First, ASAE was the only CIC Member organization to sign on to the HRC letter objecting to the North Carolina bill. (A similar bill was vetoed in Georgia; MS passed one; TN,after a law similar to the one in NC didn’t make it out of committee, instead passed a law that allows counselors to discriminate against LGBT people. There have been numerous discussions in social media about those as well and about the expected proliferation of similar bills.) (Some of us were disappointed that MPI, PCMA, IAEE and other CIC member organizations did not sign. In conversations with CIC, I understand that CIC’s Executive Committee is supporting repeal of the NC law.)

    Second, it was nice of Lisa to use my example of signing postcards .. which others roundly said “no” to! They said it’s only money that talks and the only way to impact the North Carolina law and others in place or to come, is to pull business. Sheesh, even Bruce Springsteen (and today, I learned, Ringo Starr) pulled their concerts from NC; Bryan Adams pulled his concert from MS.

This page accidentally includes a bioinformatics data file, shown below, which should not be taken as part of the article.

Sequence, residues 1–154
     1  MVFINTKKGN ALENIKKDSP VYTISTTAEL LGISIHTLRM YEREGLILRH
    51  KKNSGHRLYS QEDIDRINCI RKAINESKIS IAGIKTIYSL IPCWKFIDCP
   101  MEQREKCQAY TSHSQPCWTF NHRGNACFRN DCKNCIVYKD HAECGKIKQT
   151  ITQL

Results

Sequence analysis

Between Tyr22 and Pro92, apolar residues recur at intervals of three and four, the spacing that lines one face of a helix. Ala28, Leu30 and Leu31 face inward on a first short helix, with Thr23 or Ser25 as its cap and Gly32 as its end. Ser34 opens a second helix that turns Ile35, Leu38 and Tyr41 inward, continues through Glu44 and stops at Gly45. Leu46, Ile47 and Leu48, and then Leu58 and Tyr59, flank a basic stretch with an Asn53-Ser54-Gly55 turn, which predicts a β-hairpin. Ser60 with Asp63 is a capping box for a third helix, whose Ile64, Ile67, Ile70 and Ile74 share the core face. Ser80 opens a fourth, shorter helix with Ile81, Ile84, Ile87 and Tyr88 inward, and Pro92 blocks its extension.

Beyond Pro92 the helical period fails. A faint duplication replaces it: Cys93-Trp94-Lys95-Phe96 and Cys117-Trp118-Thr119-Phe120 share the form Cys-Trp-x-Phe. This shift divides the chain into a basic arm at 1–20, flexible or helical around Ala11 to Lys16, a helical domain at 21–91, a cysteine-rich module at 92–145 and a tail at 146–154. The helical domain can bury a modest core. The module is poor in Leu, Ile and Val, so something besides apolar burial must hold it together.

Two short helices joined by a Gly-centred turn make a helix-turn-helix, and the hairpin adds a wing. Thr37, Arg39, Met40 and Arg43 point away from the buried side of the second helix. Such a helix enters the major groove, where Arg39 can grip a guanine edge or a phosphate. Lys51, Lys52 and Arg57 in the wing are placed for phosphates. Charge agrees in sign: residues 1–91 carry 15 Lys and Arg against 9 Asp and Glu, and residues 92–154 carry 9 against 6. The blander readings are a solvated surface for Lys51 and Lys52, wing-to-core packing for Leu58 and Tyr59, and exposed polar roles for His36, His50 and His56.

Thirdly, I’ve been able to negotiate clauses into some contracts for clients whose bylaws/policies and purpose support LGBT and other rights and have done so, with lawyer-provided language, since the ’80s. Then it was farm workers; later it was pro- and anti-choice reproductive laws; and certainly it was LGBT laws and practices, esp. during the initial AIDS epidemic. Lisa’s right – it’s not easy because it is not force majeure and it can be harmful to all parties.